trusted root certificate on Windows Mobile powered devices, so you ma
y not need to “touch” each
mobile device.

Another best practice is to pass all Internet traffic for Exchange ActiveSync through a reverse
proxy and firewall, such as ISA 2006.

Best Practice: Use SSL for Encryption and Server Authentication

To help prote
ct outgoing and incoming data, deploy SSL to encrypt all traffic. You can configure
SSL security features on an Exchange server to help prevent internet attacks such as the "man in
the middle" and certain server spoofing attacks. The Exchange server, just
like any Web server,
requires a valid server certificate to establish SSL communications.

Windows Mobile 6 powered devices are shipped with trusted root certificates. Check with your
device manufacturer for a list of the certificate authorities that shippe
d with your devices. If you
obtain a root certificate from one of the trusted services, your client mobile devices should be
ready to establish SSL communications with no further configuration. If you create your own
certificates, you must add those certif
icates to the root store of each mobile device.

Note:

Some server certificates are issued with intermediate authorities in the certification chain.
If IIS is not configured to send all certificates in the chain to the mobile device during the
SSL handsha
ke, the device will not trust the certificate because the device does not
support dynamically retrieving the other certificates.

For more information about Windows Mobile 6 and certificates, see:
Step 6: Certificate Enrollment
and Device Provisioning
.

Best Practice: Determine and Deploy a Device Password Policy

Exchange Server 2007 has added security enforcement, such as password expirat
ion and
password history, which can be applied on Windows Mobile 6 powered devices. An IT
professional can administer these settings using the Exchange Management Console. For more
information on setting security policies, see
Step 5: Configure and Manage Mobile Device Access
on the Exchange Server
.

D
eploying Windows Mobile 6 Devices with Microsoft Exchange Server 2007



17

Best Practice: Use Web Publishing with Basic Authentication

Many compa
nies require basic authentication over an encrypted channel (SSL). These
companies can further secure their mobile deployment by leveraging ISA 2006 to Web publish
the Exchange Server 2007 server. The benefit of leveraging ISA server's Web
-
publishing
capab
ilities is that ISA server has built
-
in logic to distinguish well
-
formed requests, such as
Exchange ActiveSync requests, which can help protect the Exchange Client Access server from
malicious attacks.

As a best practice, Web publishing is easier to implem
ent and provides a higher level of security
than server publishing.

Network Architecture Scenarios

This section provides network topology information for your Exchange Server 2007 and Windows
Mobile 6 deployment. The following scenarios are illustrated:



ISA Server 2006 as an advanced firewall (behind a third
-
party firewall)



Use of a third
-
party firewall



Coexistence of Exchange Server 2003 and Exchange Server 2007

Deployment Options

The following scenarios represent a few of the many ways to implemen
t a mobile messaging
solution using Exchange Server 2007, ISA Server 2006, third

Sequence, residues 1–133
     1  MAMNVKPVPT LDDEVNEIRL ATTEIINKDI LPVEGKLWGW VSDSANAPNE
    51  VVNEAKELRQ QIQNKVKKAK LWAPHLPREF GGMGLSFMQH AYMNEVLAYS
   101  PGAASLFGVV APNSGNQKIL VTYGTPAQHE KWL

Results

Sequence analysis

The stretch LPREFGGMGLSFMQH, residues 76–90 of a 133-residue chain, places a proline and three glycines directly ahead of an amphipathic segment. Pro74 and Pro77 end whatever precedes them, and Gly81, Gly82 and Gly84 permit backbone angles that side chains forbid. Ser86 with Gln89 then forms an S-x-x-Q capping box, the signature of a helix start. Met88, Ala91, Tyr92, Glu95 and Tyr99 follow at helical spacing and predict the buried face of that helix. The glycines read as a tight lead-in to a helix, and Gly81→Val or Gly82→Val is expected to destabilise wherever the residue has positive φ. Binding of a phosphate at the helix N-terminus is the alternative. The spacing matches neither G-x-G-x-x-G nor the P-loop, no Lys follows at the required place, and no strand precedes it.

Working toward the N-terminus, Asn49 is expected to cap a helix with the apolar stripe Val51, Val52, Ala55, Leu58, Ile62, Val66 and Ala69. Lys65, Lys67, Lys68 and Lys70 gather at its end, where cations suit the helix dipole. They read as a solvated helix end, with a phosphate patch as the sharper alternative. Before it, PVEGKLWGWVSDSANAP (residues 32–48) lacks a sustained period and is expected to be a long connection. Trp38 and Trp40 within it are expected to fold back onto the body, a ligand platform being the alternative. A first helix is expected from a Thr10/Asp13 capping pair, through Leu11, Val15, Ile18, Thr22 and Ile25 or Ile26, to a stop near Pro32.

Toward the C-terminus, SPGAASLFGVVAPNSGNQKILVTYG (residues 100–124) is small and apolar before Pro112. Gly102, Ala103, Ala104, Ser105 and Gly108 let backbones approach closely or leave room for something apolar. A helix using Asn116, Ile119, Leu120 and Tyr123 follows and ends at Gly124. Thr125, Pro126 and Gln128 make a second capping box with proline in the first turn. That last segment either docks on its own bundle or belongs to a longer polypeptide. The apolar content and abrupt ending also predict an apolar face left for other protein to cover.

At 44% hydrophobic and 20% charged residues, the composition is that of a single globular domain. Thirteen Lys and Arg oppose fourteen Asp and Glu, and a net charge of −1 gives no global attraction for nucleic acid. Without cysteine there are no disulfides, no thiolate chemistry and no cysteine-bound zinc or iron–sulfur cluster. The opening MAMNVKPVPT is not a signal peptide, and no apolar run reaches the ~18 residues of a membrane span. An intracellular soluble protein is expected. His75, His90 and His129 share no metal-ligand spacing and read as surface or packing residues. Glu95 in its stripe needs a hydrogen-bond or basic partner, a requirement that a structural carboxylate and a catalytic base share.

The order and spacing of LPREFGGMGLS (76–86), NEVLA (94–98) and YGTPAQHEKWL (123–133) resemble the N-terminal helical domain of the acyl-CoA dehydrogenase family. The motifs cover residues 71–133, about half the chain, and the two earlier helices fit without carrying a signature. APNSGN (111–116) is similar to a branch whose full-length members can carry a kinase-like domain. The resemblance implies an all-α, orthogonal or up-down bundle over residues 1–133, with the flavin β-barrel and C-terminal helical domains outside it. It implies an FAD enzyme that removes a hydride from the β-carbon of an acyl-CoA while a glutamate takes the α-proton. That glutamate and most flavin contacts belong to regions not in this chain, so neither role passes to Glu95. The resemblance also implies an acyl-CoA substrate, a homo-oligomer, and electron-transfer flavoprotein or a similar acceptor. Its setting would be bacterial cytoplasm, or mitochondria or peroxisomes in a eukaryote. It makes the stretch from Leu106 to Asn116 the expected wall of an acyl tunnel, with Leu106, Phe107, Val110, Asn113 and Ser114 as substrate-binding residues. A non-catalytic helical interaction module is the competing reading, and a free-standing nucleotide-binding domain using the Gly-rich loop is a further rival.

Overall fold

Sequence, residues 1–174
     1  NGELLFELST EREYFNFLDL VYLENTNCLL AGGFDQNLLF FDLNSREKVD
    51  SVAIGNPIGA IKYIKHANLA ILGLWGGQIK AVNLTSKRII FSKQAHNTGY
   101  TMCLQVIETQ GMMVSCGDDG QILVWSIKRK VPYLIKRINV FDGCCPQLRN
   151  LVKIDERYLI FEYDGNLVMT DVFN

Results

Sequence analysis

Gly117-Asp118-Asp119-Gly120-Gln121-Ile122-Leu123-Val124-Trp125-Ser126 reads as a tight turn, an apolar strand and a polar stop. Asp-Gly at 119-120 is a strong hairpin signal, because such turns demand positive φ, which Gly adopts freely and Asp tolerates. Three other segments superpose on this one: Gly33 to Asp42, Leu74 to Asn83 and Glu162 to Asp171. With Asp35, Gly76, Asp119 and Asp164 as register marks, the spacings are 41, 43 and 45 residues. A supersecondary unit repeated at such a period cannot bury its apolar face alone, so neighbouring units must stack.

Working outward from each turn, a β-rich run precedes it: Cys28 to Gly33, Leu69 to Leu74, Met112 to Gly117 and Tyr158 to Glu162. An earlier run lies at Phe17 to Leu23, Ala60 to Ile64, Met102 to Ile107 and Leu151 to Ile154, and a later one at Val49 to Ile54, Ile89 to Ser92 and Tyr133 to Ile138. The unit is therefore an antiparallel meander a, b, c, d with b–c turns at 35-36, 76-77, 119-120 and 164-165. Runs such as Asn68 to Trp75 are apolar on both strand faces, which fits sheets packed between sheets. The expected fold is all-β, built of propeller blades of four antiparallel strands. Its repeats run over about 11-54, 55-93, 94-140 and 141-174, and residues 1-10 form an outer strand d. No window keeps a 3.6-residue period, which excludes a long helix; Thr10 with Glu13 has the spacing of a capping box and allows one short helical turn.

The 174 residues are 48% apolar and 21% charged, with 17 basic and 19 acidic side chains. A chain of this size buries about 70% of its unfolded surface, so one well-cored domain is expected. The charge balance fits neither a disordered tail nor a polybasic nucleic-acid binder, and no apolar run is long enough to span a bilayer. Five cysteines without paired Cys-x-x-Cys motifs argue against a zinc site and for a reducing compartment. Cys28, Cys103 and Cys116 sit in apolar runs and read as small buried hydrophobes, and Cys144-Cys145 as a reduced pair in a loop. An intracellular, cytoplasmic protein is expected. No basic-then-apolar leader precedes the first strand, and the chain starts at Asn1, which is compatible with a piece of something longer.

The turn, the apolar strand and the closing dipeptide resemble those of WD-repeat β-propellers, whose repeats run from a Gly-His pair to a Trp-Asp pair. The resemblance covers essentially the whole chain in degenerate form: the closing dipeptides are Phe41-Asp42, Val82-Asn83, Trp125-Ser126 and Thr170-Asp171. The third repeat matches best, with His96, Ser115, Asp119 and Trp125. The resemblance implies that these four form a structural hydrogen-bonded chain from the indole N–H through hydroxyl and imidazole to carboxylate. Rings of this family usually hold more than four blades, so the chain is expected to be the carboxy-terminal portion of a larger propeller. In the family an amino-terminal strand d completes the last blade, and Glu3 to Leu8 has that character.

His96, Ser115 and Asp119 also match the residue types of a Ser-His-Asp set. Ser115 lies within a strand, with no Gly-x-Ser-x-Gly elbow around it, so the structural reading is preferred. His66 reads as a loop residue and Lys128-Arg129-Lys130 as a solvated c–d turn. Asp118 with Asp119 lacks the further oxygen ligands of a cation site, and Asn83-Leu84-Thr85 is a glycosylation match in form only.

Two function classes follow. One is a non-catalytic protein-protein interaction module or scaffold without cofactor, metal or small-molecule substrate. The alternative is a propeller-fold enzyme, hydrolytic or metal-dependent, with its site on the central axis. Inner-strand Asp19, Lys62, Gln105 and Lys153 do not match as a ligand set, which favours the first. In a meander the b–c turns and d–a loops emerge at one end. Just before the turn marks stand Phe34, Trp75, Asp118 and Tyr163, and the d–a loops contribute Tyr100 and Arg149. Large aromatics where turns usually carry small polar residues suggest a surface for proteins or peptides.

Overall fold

-
party firewalls, and Windows Mobile
6 powered devices. The scenarios are not presented in a preferred order.

Important:

These options illustrate possible deployment strategi
es for your network. The final
topology should take into account the specifics of your network, including available
hardware and software, security considerations, projected usage, and the ability to
provide optimal performance. Microsoft recommends that y
ou thoroughly research all
security considerations for your network prior to implementation. For ISA server reference
material, see
Step 4: Install and Configure ISA Server 2006 or Other Firewall
. For third
-
party firewalls, consult the manufacturer's documentation for related security issues.

D
eploying Windows Mobile 6 Devices with Microsoft Exchange Server 2007



18

Option 1: ISA Server 2006 as an Advanced Firewall in a
Perimeter Network

The first opt
ion is implementing ISA Server 2006 as your security gateway. ISA Server 2006 and
Exchange Server 2007 enhance security features by providing protocol inspection in addition to
SSL bridging and user authentication.



Note:

The ISA server acts as the adv
anced firewall in the perimeter network that is exposed to
Internet traffic. It directly communicates with LDAP servers and the internal Exchange
server(s). For increased security, the ISA server intercepts all SSL client requests and
proxies them to the b
ack
-
end Exchange server(s).

In this configuration, Exchange servers are within the corporate network and the ISA server acts
as the advanced firewall in the perimeter network. This adds an additional layer of security to your
network.

All incoming Internet

traffic over port 443 is intercepted by the ISA 2006 Server. The ISA server
terminates the SSL connection, authenticates the user, and inspects the request. If it is well
formed, it will send the request on to the Exchange Client Access server for process
ing.

For more information on Exchange client access, see
Configuring ISA Server 2006 for Exchange
2007 Client Access
.

D
eploying Windows Mobile 6 Devices with Microsoft Exchange Server 2007



19

The following table lists considerations for deploying ISA Server 2006 as an a
dvanced firewall in
a perimeter network, domain joined, and other potential ISA topologies.


Setup Type

Description

Consideration

Firewall in Workgroup
in perimeter network



All Exchange
servers are within
the corporate
network.



FBA or basic
authentication



SSL configured for
Exchange
ActiveSync to
encrypt all
messaging traffic.



ISA server acts as
the advanced
firewall in the
perimeter network
that is exposed to
Intern
et traffic.



ISA Server 2006
directly
communicates with
LDAP and RADIUS
servers.



LDAP authentication



LDAP, LDAPS,
LDAP
-
GC, and
LDAPS
-
GC are
supported.